After a brisk pedal up the Rivelin Valley we met Jim at the Lodge Lane car park for a bit of Wyming Brook downhill. On the climb up from the brook we decided to do the climb to Stannage Pole, despite the wind and rain vigorously trying to dissuade us.

Standing in the wind and rain on this exposed peak I asked the night “Who thought this was a good idea?”. The night threw back a line from The Motivativators Guide to Outdoor Pursuits, “You’ve got to go up to get down!” I told the night to stop quoting James Brown at me and we turned tail and headed back the way we had come. I had no intention of setting a time down this trail not least because I don’t know it that well and I was wearing my glasses as I’d run out of contact lenses, didn’t see that coming. The first section down to the gate went smooth and Lambo and I were neck and neck down the second section.

Egged on by this unexpected dual we found ourselves doing 25 miles an hour down the stoney fire road. I was aware that there was a barrier at the bottom of this road but it loomed out of the darkness earlier than expected. Pulling on the brakes at this speed didn’t go as well as I’d hoped, the wheels locked up and I hit a fist sized rock. This had the effect of turning the bike into something akin to a fairground broncho ride, minus the disappointed looking, tattooed operator and the squashy, padded landing area.

I was flipped from the bike landing on my shoulder and sliding to a halt on my back about 10 metres further down the trail. Despite the high speed nature of this event I escaped with relatively minor injuries. The same cannot be said for my bag or my coat. I expect it would appear to the casual observer that I’d been dragged behind a car down a rocky fire road for 10 metres at approximately 25 miles an hour, or that my left arm had be mauled by a hungry beast with a taste for Gore Tex.


Here’s a stat extracted (after a bit of zooming in) from Strava:

From 47.8 km/hr – 0 km/hr

in 3.5 seconds

over a distance of 10 metres

=  5th place overall





Troy Lee Moto Shorts Product Review

This feels like a fitting time to write a review of the Troy Lee Moto Shorts that I’ve been wearing for the last year. Despite being exposed to a significant number of crashes they show no signs of wear and tear and their tough but comfortable material has saved my thighs on a number of occasions, even with the velcro hip padding removed.

They have a rachet style buckle fastening that copes very well with fluctuations in waistline and the rubbery coating on the inside of the waist clings to lycra undershorts helping to keep them in place. They have two zip up cargo pockets on either leg that are perfect for soft items like wallets or gels, I wouldn’t stick your keys or phone in there. In short, these things appear to be bomb proof, or at the very least me proof.

Over Ride Lapierre Mountain Bike Demo Day – Parkwood Springs, Sheffield

Over Ride Lapierre Mountain Bike Demo Day – Parkwood Springs, Sheffield

I wouldn’t say that I’m in the market for a new mountain bike, I’m quite happy with what I have and there are other, more pressing demands on my wallet. That said, when Martin (Over Ride Cycles, Sheffield) said I’m having a Lapierre demo day, you should pop down, I’m unlikely to pass up the opportunity to spend the morning riding some very high end mountain bikes around Parkwood Springs Trail Centre.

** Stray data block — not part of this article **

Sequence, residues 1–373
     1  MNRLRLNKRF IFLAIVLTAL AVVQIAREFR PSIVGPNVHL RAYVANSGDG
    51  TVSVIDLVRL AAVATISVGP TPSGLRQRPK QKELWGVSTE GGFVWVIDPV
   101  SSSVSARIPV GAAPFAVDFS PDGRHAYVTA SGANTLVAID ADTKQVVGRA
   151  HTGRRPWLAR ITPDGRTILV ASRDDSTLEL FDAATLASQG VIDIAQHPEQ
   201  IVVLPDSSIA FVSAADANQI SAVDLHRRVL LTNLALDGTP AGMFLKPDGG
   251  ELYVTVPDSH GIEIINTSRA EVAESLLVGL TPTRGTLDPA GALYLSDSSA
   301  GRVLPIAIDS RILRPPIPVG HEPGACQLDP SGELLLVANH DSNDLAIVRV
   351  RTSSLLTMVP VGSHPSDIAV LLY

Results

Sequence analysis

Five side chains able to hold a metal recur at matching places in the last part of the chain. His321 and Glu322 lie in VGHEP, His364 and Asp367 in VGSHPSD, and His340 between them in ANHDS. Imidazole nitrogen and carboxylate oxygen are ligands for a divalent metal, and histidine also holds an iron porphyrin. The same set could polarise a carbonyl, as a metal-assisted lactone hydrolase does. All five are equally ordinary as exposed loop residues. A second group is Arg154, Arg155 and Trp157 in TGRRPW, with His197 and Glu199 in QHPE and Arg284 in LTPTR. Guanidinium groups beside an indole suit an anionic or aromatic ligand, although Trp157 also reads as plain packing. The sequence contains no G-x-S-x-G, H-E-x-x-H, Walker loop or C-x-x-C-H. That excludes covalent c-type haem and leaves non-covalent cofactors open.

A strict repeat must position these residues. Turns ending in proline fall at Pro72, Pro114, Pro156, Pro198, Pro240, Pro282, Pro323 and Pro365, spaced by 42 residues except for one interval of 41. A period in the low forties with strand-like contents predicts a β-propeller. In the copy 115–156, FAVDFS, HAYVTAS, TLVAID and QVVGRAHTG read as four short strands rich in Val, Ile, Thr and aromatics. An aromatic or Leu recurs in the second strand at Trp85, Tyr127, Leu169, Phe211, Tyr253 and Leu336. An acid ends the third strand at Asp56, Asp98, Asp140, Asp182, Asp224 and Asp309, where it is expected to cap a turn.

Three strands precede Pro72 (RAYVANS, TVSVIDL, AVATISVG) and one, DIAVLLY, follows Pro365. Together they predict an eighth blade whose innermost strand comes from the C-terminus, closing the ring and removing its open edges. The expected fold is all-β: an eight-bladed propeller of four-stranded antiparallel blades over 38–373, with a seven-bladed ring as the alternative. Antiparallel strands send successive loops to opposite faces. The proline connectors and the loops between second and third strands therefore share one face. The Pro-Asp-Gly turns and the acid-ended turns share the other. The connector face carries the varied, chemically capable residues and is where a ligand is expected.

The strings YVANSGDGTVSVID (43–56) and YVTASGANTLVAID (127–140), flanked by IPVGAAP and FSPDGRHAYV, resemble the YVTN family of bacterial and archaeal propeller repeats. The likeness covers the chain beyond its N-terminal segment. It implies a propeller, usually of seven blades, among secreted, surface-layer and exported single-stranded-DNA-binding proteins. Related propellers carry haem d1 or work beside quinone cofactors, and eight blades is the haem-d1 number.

For those of you that don’t know, Parkwood Springs is a newly developed Mountain Bike trail in Sheffield near what used to be the Ski Village. Made up of flowy berms and small table tops with a choice of descents designed to inspire every level of rider, a job it does very well.

Parkwood Springs MTB Trail Sheffield from Vertebrate Publishing on Vimeo.

I cycled from home, it’s only about 6km and served as a good warm up. When I arrived the bikes were all out and the menu consisted of the Zesty 514 (Medium), a Spicy 516 (Large) and XR 529 Carbon 29er (Medium) with electronic suspension.

Lapierre Spicy 516


This is a 26″ 160mm travel rig aimed at the big mountain enduro rider and would happily chew through anything the Peak District could throw at it. I would love to take this thing down The Beast or Jacob’s Ladder and see what it does to my personal best. On a track like Parkwood Springs the travel and slack head angle feel a touch over the top on the hardpack single track, and they are, this is not the Spicy’s natural habitat.

I’ve not ridden a 26″ bike for over a year so the Spicy’s small wheels and short stem took some getting used to. For this reason I’ve posted the second lap where I was a little more settled. I’m not going to get hung up on the technical stuff except to say that the slack head angle of 66 degrees means the 516 is not a great climber and the front end wandered a bit going up hill, that said, at 13kg, this is a light bike considering the applications.

Downhill the Spicy felt lively and quick, really quick. As I chucked this bike around the berms I couldn’t shake the unnerving thought that “this thing is egging me on because it wants to hurt me”. Taking this bull by the 750mm horns was a lot of fun, but warm, fuzzy thoughts like “stability”, “control”, “grip” were far from my mind, terms like “skittish”, “unbridled”, “mental” came to the fore. Add to this the not unlikely prospect of running out of talent and stacking someone else’s £3000 bike and my over all impression of the Spicy 516 was unsettling, fun yes, lots of fun, but it’s a mad man.